Well, it's a little akward to measure distances in intervals of 1,613km. Using the term "mile" is just easier.
posted by three blind mice at 4:48 AM on May 8, 2008


This post got me thinking about mis-calibrated gauges. Anyone know why there isn't a more precise gauge in automobiles? Kind of silly these days IMO.
posted by zerobyproxy at 4:52 AM on May 8, 2008


I've done almost 30 miles in my Honda Civic, from the point at which the empty light came on. When the engine began misfiring, due to inadequacy of the fuel supply, I knew it was time to give up this silly experiment and pay the ludicrous motorway service station prices to get me the rest of the way home.

However, I see from that list that I may have had as much as two or three gallons left in reserve. In which case, I wonder why it was misfiring? I'm sure it wasn't paranoia, because I expected there to be at least a full gallon, and I get far more than 30 miles to the gallon when motorway driving.
posted by PeterMcDermott at 5:01 AM on May 8, 2008


Anyone know why there isn't a more precise gauge in automobiles?

For example, why does my speedometer consistently show that I'm going 3-5 mph slower than my SatNav does?

Given that my satnav (a TomTom 510) shows me where all the Speed Cameras are, it seems unlikely that I'd really be doing 55 mph as I travel past the camera. But that's what my car's built-in speedometer tells me.

Is Honda acting as the surreptitious evil arm of the nanny state?
posted by PeterMcDermott at 5:08 AM on May 8, 2008


Your speedometer is calibrated to the size of your wheels and tires, so as your tires wear its reading will become inaccurate. I have heard that auto manufacturers will calibrate them a little high so that people feel like they're going faster than they actually are, but the one in my car seems about spot on with my GPS.

I know for a fact that my former employer (that built avionics for small aircraft) built a fudge factor in to the airspeed indicator at the behest of our customer. Seems the airplane manufacturer wanted to show that their aircraft could fly 2 or 3 knots faster than they actually could...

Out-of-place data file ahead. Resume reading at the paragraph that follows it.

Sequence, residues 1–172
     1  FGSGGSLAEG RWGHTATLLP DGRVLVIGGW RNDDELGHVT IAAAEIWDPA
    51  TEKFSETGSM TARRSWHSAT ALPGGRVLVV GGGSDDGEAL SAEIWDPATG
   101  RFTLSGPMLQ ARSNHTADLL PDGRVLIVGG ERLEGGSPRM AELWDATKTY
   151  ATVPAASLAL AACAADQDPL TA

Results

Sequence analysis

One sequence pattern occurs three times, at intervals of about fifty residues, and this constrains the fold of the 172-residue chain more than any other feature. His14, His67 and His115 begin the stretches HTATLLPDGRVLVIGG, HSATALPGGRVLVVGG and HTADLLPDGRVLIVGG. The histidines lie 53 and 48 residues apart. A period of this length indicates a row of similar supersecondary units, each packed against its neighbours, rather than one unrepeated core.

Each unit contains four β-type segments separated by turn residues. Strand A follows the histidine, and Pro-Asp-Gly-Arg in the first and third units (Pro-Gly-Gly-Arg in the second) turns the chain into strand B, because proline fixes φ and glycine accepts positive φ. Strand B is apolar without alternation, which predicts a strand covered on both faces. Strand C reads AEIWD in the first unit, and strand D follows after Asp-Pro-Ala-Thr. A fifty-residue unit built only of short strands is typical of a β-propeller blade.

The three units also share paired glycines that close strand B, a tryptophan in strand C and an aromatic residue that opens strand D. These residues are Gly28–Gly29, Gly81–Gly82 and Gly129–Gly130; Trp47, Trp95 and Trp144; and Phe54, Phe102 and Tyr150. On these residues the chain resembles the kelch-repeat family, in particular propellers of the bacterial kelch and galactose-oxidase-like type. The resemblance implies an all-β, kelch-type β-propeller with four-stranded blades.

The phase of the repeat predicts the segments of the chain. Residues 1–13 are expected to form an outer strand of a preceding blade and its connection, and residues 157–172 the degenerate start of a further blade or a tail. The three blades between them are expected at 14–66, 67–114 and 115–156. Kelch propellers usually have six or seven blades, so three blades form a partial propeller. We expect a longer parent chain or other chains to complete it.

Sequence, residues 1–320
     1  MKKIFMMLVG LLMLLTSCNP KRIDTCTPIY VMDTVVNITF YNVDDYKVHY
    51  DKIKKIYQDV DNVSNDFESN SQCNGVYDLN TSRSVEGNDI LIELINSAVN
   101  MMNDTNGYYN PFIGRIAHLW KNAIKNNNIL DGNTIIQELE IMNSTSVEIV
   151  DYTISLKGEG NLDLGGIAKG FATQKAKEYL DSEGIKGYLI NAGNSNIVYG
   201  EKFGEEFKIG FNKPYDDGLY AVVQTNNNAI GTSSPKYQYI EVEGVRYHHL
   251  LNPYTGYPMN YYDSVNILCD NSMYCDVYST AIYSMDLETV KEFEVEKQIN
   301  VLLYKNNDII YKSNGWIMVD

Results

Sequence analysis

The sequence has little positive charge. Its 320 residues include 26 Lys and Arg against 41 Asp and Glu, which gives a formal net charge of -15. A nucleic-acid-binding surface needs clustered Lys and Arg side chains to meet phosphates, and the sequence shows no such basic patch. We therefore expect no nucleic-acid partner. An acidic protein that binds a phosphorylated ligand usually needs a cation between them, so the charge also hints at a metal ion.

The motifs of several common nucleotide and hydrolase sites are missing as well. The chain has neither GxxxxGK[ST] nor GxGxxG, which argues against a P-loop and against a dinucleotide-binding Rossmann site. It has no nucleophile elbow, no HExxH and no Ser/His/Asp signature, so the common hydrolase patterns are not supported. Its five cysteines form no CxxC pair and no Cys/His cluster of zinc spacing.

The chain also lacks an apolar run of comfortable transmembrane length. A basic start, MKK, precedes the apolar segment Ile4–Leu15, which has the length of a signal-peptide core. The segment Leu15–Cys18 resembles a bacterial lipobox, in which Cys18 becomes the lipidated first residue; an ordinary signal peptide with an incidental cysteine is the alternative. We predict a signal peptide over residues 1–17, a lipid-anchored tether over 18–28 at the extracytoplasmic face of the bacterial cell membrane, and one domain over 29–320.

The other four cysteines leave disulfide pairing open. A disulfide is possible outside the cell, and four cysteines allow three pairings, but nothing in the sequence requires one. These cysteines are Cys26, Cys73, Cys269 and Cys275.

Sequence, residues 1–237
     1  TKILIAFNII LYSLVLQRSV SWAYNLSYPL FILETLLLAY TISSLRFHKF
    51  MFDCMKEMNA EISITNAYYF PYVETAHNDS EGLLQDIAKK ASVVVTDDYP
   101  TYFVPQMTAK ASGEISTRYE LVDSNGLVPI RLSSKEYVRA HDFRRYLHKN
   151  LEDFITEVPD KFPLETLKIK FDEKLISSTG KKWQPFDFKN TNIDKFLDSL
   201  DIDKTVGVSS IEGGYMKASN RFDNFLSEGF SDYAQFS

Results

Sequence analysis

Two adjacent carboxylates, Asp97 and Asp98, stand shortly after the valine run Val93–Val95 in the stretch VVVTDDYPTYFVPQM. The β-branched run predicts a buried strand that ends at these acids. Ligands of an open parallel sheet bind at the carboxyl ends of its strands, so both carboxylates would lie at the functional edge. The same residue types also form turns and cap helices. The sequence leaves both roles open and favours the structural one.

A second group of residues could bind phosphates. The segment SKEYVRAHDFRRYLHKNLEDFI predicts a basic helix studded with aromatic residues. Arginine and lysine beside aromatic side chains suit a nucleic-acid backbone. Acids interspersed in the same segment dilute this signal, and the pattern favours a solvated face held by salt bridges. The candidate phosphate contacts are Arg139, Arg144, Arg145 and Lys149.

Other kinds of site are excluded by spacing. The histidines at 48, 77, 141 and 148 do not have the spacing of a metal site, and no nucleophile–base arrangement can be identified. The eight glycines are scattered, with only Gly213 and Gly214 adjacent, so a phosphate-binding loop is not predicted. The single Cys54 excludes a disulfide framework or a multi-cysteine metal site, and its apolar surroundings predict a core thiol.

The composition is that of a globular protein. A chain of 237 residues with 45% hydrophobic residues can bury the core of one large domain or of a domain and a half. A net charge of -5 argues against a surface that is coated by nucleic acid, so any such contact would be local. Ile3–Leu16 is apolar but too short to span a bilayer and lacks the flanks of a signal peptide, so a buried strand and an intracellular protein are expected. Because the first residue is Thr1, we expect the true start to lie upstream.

Also, accurate measurement of a volume of liquid is tricky. Accurate measurement of a volume of liquid that is sloshing around in a tank is just crazy talk.
posted by backseatpilot at 5:16 AM on May 8, 2008


I never ran out of gas in my 92 Saab convertible, but I had read that the warning light meant I had 2 gallons left. I figured it that equalled about 40 miles, and I'm sure I cut it really close several times.

My Saab gave up the ghost, so now I have a 20 year old Cadillac DeVille. ("Pimpin'!" to quote my daughter.) It has an electronic dash. The gas gauge goes from reading out the number of gallons, down to 2, then it goes to E, then the E starts flashing. I had a Caddy years ago, and when the E was flashing, I probably had enough gas for 10 more miles. I started for work the other day, and noticed the readout said E but wasn't flashing. There is a gas station a block away, the opposite direction from work which is about 4 miles. I decided to get gas after work at a station near the office. I got a block away and ran out. Somehow, it's the car's fault for not blinking at me.

Cool link. It's a common experience that we don't talk about enough. Let's open up the national conversation on running out of gas!

By the way: don't you hate those people who say "I never let my car get under a half a tank!" Rich people, man.
posted by Fuzzy Skinner at 5:31 AM on May 8, 2008


>I have heard that auto manufacturers will calibrate them a little high so that people feel like they're going faster than they actually are


Mine's out by about 10%.

As to petrol, now that I'm not a student, I'd prefer not to gunk up the fuel pump. My POS car has enough problems.
posted by pompomtom at 5:34 AM on May 8, 2008


In which case, I wonder why it was misfiring?

Maybe the gas sloshed away from the fuel pump causing momentary starvation?
posted by knave at 5:36 AM on May 8, 2008


Peter: for what it's worth my (1996 DX US model) Civic's fuel gauge level is very sensitive to the angle of the car -- if I am going downhill, for example, the gauge reads a bit more full (as much as an eighth of a tank more full depending on steepness) than if I am going uphill, and a prolonged left turn will make the fuel level look slightly higher than a prolonged right turn. I understand this is because the sensor (like the fuel lines) is at the right front corner of the tank.